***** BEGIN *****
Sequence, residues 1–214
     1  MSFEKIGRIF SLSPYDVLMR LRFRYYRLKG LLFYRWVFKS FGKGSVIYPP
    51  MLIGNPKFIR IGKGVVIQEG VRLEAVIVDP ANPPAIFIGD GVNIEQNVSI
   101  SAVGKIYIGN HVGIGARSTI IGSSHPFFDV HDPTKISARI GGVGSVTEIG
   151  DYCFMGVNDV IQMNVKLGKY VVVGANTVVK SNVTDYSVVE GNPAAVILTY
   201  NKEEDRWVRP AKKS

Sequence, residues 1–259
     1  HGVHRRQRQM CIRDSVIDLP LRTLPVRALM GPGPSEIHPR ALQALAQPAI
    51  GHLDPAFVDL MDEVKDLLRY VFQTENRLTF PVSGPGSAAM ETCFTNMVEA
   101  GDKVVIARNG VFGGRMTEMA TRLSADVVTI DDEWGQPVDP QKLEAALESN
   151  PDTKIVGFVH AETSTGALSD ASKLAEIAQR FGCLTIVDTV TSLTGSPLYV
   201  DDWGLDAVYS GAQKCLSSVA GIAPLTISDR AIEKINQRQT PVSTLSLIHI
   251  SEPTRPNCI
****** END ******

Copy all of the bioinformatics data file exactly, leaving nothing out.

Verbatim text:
Sequence, residues 1–214
     1  MSFEKIGRIF SLSPYDVLMR LRFRYYRLKG LLFYRWVFKS FGKGSVIYPP
    51  MLIGNPKFIR IGKGVVIQEG VRLEAVIVDP ANPPAIFIGD GVNIEQNVSI
   101  SAVGKIYIGN HVGIGARSTI IGSSHPFFDV HDPTKISARI GGVGSVTEIG
   151  DYCFMGVNDV IQMNVKLGKY VVVGANTVVK SNVTDYSVVE GNPAAVILTY
   201  NKEEDRWVRP AKKS

Sequence, residues 1–259
     1  HGVHRRQRQM CIRDSVIDLP LRTLPVRALM GPGPSEIHPR ALQALAQPAI
    51  GHLDPAFVDL MDEVKDLLRY VFQTENRLTF PVSGPGSAAM ETCFTNMVEA
   101  GDKVVIARNG VFGGRMTEMA TRLSADVVTI DDEWGQPVDP QKLEAALESN
   151  PDTKIVGFVH AETSTGALSD ASKLAEIAQR FGCLTIVDTV TSLTGSPLYV
   201  DDWGLDAVYS GAQKCLSSVA GIAPLTISDR AIEKINQRQT PVSTLSLIHI
   251  SEPTRPNCI